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Economist changed the world

Times Staff Writer

MILTON FRIEDMAN, a brilliant champion of free-market economics and individual freedom who almost single-handedly altered the boundaries of public debate on an array of national issues, died Thursday in San Francisco. He was 94.

The cause was heart failure, said Robert Fanger, a spokesman for the Milton and Rose D. Friedman Foundation in Indianapolis.

Friedman was considered a leading economic thinker of the 20th century. His many prescriptions for policy, notably on managing the nation’s money supply and curbing the welfare state, influenced presidents and presidential candidates dating to the 1960s. President Reagan and Margaret Thatcher, the former British prime minister, were among his fans. Friedman’s sweeping, pro-capitalist ideas earned him legions of followers both domestically and overseas, while also sparking dissent and controversy.

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He was awarded the Nobel Prize in economics in 1976 for a body of “original and weighty work,” including his money supply research, which jurors said had influenced fellow scholars as well as the U.S. Federal Reserve and the central banks of other nations.

“He was a great man,” said Allan H. Meltzer, an economics scholar at Carnegie Mellon University and the American Enterprise Institute. “It’s hard to think of anybody who never held a government position of any importance who influenced our country -- and the whole world -- as much as he did.”

The longtime San Francisco resident had been a senior research fellow at Stanford University’s Hoover Institution since 1977.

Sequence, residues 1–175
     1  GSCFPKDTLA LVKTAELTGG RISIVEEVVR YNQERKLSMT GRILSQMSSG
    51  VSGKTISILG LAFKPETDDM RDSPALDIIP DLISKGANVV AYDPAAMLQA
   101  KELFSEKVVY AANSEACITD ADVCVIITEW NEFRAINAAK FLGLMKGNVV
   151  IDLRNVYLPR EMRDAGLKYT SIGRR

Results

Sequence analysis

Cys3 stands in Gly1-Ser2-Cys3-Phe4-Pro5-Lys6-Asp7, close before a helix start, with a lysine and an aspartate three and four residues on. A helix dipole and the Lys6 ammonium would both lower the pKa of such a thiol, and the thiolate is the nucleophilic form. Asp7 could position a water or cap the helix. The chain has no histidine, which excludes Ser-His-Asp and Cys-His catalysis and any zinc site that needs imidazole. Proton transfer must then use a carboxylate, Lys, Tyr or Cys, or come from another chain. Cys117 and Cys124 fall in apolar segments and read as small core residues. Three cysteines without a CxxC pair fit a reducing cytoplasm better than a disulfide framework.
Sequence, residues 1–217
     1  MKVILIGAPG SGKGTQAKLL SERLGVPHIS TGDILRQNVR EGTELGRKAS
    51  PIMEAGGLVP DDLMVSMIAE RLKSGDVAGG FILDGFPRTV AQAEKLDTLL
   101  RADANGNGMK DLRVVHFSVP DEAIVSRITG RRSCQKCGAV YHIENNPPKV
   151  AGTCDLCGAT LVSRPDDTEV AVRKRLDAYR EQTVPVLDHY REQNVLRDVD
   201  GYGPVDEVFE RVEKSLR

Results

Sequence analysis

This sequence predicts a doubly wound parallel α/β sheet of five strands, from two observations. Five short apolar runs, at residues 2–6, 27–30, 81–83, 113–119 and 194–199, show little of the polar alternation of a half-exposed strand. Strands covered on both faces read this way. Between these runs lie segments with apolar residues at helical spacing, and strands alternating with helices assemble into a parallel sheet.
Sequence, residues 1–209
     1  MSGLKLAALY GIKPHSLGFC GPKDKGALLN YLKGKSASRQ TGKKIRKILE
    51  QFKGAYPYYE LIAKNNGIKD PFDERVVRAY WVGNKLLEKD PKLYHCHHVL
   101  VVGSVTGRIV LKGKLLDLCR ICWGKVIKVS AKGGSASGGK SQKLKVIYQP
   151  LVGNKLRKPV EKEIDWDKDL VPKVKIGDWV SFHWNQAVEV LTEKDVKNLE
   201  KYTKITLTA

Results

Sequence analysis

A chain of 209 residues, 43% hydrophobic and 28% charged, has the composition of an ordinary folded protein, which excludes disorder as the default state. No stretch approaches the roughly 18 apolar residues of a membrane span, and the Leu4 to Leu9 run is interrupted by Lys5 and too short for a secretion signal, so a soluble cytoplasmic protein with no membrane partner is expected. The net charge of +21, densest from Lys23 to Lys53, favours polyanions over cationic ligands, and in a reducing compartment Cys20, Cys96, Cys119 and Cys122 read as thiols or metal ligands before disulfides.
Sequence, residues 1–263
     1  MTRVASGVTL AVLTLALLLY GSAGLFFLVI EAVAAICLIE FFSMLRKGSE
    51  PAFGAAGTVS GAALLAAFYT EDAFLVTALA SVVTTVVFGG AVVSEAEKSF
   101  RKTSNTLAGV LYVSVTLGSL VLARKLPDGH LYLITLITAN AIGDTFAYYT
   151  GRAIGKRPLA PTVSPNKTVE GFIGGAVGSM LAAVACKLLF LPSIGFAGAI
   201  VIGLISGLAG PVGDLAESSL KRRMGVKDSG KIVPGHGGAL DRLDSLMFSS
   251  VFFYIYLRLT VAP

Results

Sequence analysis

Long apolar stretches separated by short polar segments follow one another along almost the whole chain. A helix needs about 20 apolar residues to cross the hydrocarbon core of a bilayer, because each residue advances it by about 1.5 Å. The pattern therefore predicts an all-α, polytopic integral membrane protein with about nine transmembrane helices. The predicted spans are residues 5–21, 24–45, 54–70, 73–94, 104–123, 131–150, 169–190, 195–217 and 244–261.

Yet Friedman’s influence extended far beyond the ivory tower. He became an economist-celebrity, promoting his passionate beliefs in books, magazines and television appearances. With confidence and a professor’s logic, he sought to demolish the conventional belief after World War II that government should play a sweeping role in people’s lives.

Taxes should be cut and simplified, he said, and society would benefit when personal choice reigned supreme.

Though some of his teachings about money lost influence over time, he ultimately attained the status of a capitalist icon through the purity and force of his broader world view.

“He had been a fixture in my life both professionally and personally for half a century,” former Federal Reserve Chairman Alan Greenspan said in a statement Thursday. “My world will not be the same.”

The current Fed chairman, Ben S. Bernanke, said in a statement that “Friedman had no peer” among economic scholars. “Just as important, in his humane and engaging way, Milton conveyed to millions an understanding of the economic benefits of free, competitive markets, as well as the close connection that economic freedoms bear to other types of liberty. He will be sorely missed.”

Freedom to choose

In the 1960s, Friedman argued that personal retirement accounts made more sense than a mandatory system of Social Security, helping set the stage for the recent national debate about the issue. Similarly, he contended that parents should be allowed to choose which schools their children attend, laying the foundation for ongoing arguments about school choice.

This latter belief animated Friedman’s final years, and promoting choice in schools became the mission of his foundation. “Why do America’s universities have a greater reputation around the world than its public schools?” he once asked. “You have choice. That makes all the difference in the world.”

His views did not break down into a right-left framework. He emerged as a leading voice in the Vietnam-era movement to end the draft, a position ultimately endorsed by President Nixon.

Friedman offered blunt advice on subjects as personal as laws against prostitution -- he saw them as incursions into individual choice -- and as sweeping as the international system of relatively fixed exchange rates, which he sought to overturn and which indeed collapsed in the early 1970s.